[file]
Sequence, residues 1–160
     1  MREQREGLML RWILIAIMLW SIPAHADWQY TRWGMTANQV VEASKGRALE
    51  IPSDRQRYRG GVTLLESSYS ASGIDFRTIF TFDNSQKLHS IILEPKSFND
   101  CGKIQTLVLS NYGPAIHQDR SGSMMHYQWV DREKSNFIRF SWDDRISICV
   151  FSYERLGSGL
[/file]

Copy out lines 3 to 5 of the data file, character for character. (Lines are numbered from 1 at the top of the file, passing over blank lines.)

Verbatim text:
    51  IPSDRQRYRG GVTLLESSYS ASGIDFRTIF TFDNSQKLHS IILEPKSFND
   101  CGKIQTLVLS NYGPAIHQDR SGSMMHYQWV DREKSNFIRF SWDDRISICV
   151  FSYERLGSGL